Why such a huge difference in distance between 2017 and 2018? Were you guys using different lofts from year to year? The Cobra F7 from last year that lead in distance would only be 16th on the list this year in distance. Just wondering why the 9 yard gap from first in 2017 to 2018.

      Reply

      Gabe

      6 years ago

      I guess I don’t understand how the Rogue can be ranked lower than the CBX when ROGUE tested to be both longer and more accurate, isn’t that what the consumer wants?

      Reply

      Tony Covey

      6 years ago

      I think what the consumer wants is to shoot lower scores. Please read our how we test page as it explains our ranking methodology.

      Bottom line – averages don’t tell you much of anything.

      Reply

      Michael

      6 years ago

      If “averages don’t tell you much of anything”, then why is that the bulk of the data you are providing? Why not provide strokes gained by each club if “shooting lower scores” is what you are testing for?

      Tony Covey

      6 years ago

      We do it because that data is the foundation for our results, it’s just not as absolute as everyone wants it to be.

      We’ve published strokes gained numbers (values like -.04334) in the past and it only served to muddy the waters. Strokes Gained methodology inherently favors golfers who hit it longer, so what you end up with is a ranking of the clubs for which the longest hitters performed the best, not the ones which performed best across the entire pool. The workaround we’ve used in the past is to compare the strokes gained of a given club to the average for a given tester. That’s a bit more complicated still and ultimately doesn’t represent the values we use in our ranking.

      #1 is the club that was in a statistically reliable top group (based on strokes gained) for the highest percentage of golfers.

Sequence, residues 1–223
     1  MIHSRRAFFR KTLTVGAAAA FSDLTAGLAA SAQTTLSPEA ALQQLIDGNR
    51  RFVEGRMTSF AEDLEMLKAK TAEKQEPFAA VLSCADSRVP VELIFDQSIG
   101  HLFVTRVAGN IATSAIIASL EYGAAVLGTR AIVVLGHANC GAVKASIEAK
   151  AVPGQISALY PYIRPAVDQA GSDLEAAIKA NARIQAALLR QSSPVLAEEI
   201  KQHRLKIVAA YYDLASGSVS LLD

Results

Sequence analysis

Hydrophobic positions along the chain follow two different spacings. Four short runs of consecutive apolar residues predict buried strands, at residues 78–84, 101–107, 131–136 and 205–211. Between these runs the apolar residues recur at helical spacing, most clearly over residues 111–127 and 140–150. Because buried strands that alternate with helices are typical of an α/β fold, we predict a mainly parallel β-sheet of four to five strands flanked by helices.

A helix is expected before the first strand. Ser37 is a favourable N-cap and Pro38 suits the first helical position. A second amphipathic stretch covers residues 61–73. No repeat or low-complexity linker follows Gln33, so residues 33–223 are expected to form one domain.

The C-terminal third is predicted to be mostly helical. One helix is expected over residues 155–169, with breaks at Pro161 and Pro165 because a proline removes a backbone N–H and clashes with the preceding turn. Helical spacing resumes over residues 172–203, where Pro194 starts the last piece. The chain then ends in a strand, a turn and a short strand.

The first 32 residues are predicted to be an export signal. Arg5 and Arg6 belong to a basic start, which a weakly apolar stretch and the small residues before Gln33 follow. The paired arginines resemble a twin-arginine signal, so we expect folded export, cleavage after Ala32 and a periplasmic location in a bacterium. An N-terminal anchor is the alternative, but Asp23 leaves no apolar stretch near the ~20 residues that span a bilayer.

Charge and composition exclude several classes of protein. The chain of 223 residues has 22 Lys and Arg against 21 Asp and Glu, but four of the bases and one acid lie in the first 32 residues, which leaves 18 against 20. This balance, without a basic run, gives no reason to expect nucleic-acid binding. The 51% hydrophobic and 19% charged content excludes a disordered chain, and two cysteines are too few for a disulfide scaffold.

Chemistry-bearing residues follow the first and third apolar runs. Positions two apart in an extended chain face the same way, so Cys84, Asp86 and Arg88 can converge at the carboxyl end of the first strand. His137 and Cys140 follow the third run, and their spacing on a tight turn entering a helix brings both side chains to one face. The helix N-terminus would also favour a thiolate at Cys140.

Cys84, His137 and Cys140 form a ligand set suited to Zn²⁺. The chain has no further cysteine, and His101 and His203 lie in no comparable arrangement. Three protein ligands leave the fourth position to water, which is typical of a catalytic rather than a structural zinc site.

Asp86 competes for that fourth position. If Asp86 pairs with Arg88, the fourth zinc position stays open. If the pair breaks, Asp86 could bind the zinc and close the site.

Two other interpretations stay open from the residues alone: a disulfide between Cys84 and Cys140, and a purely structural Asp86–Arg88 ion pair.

The problem here is that golfers have been conditioned for the last decade plus to be receptive to launch monitor based advertising that doesn’t offer any real context. You want the longest, feel free to buy Rogue. It might be reliably longer…it might not. Our results certainly suggest it’s a damn good club, it just wasn’t the best under our methodology.

      Mark

      6 years ago

      So Tony, what you’re saying is that in spite of the data (which favors the Rogue in almost every aspect of testing), the CBX was liked or performed better for 10% more players?

      Tony Covey

      6 years ago

      You really don’t get it, do you?

      Looking at the raw data, can you make any determination about the statistical significance of the results? Can you say that across the 20 testers that the 1/2 of proximity to the centerline, or even the 4 yards of distance is reliable? You can’t, nobody can. That’s exactly why, after discussing the new methodology with 3 of the game’s leading manufacturers, we do it the way we do.

      Tony Covey

      6 years ago

      That’s basically it. It was shown to offer reliably better (statistically significant) performance (based on Strokes Gained) for the highest percentage of our testers.

      You can build whatever story you want from raw data – it’s why it’s such an amazing marketing tool – but without understanding what if any significance is contained within, you’re just looking at numbers.

      JPBALL

      6 years ago